Firstly, why have a mentor? Mentoring has been around for millennia because it simply works. It offers great benefits for both the mentor and mentee. Mentoring is commonly used in professional contexts, however having a mentor can also offer an enriching presence in your personal life. A great mentor is like kindle, someone who can help illuminate or stir up the fire within you. If that doesn’t do it for you, here are four key benefits to having a mentor:
1 | Guidance
Simply put, a mentor is an experienced and trusted advisor. A mentor is someone who is more experienced than you. Their knowledge of the ins and outs is valuable. However, more valuable are their mistakes. While many learn from their experience, I personally learn more from mistakes. Mistakes and what you do with them reveal character. Mentors also add perspective and encourage you to think outside of yourself, creating a selfless outlook. Having someone who is approachable, caring and insightful puts me at ease, knowing I am supported and I am not alone in the labyrinth.
2 | Aspirations
A great mentor helps achieve another’s personal and professional aspirations. Not only do they help define your dreams, they help lay down the groundwork for your dream to become reality. For your career, it is a solid foundation for future opportunities. Within a personal context, it is having someone in your corner who encourages you, inspires you, and picks you up when you are knocked down. Do not expect a mentor to do your work. It takes effort to reach your goals. However, two heads are better than one. Mentors are great assets to your success.
3 | Network
Particularly useful within the professional context, networking is an important tool. In the modern age, it is more difficult to stand out among many other digital presences. The old adage of ‘it is who you know’ is assisted by your mentor’s willingness to allow you to access a wider selection of like-minded people; such as people involved in the same career industry, those with similar interests, or simply people your mentor knows. You never know who you may meet along the way. I have received most of my work through networking and creating new relationships. Networking should not be underestimated. Through your quality connections, you develop relationships and doors are flung open to new opportunities.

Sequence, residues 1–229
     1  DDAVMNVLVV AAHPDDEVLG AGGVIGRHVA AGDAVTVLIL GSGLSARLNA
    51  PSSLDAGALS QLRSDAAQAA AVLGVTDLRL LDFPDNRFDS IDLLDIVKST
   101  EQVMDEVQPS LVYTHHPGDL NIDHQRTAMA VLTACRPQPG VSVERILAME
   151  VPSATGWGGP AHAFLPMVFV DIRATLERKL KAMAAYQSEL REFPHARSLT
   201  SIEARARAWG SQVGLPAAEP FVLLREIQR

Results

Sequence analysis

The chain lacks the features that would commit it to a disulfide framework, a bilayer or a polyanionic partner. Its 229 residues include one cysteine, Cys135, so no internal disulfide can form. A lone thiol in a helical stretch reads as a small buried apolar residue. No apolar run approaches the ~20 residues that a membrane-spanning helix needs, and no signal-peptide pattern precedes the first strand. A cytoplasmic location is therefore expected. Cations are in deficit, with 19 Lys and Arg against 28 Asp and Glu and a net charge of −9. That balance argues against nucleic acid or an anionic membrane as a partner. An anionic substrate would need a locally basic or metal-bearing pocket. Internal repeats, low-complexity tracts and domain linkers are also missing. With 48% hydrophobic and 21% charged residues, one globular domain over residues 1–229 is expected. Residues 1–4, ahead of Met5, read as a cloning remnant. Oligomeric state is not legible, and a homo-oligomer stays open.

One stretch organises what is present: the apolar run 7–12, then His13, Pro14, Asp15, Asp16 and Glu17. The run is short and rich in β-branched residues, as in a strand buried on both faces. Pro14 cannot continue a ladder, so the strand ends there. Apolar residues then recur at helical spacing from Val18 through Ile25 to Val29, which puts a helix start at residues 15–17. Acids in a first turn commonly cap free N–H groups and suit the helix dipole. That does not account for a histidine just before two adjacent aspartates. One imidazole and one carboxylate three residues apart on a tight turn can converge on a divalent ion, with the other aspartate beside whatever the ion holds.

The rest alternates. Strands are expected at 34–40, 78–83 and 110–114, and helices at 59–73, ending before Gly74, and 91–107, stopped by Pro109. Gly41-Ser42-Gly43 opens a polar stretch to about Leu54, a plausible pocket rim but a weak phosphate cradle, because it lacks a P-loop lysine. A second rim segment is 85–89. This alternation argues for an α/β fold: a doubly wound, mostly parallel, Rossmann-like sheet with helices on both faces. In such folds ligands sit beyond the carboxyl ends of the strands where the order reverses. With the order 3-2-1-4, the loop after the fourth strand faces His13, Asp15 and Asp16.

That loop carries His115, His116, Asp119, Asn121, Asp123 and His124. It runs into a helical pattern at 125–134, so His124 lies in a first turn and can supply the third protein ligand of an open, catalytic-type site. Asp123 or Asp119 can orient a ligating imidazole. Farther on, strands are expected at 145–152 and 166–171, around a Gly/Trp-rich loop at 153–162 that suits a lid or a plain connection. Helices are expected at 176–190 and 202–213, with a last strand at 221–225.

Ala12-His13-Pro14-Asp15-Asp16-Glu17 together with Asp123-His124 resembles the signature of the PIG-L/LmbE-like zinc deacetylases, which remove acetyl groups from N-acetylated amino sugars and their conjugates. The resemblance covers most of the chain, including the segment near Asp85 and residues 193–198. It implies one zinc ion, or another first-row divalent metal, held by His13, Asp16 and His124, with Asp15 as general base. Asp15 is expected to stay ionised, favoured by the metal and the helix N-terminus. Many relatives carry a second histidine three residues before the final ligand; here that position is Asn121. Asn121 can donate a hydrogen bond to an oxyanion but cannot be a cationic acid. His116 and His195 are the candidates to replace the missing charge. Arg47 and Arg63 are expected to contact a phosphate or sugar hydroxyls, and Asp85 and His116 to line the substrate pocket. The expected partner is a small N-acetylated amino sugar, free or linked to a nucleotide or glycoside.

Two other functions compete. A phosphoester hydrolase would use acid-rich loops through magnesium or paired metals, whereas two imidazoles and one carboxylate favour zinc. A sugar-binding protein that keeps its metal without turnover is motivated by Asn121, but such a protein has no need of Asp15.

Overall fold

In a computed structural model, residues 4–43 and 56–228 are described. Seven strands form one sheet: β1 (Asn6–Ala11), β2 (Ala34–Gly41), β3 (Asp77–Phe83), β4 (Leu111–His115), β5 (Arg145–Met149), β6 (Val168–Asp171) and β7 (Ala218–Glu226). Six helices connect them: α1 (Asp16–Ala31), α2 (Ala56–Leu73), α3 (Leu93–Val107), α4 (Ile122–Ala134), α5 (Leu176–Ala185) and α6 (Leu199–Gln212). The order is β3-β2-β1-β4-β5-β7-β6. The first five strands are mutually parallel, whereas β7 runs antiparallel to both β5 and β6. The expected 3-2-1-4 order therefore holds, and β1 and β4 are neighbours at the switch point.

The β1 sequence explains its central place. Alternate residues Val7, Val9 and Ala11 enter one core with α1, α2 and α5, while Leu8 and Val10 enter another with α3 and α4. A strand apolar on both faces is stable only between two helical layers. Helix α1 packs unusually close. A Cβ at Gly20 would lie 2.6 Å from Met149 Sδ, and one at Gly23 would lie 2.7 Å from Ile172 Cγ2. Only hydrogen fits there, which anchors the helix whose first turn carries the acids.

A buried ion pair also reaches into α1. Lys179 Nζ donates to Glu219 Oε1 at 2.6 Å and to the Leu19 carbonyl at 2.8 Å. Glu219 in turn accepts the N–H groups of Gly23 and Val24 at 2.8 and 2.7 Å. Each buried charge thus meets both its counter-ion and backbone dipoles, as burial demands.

4 | Accountability
A great mentor is willing to confront. Accountability sparks a change in the relationship between the mentor and the mentee. To be accountable is to be responsible or answerable to one another. While a good mentor encourages you, a great mentor also reveals your blind spots. This does mean vulnerability is required to allow growth. We naturally resist rejection. We learn to brush past feelings; ‘I’m good’ becomes a stock response, your thoughts and actions are not carefully considered. When held accountable, you are present, thoughtful and shifted into a position to glow. The vulnerability creates an ally in your mentor.
Plutarch once said, “The mind is not a vessel to be filled, but a fire to be kindled”.
Go forth and find your kindle.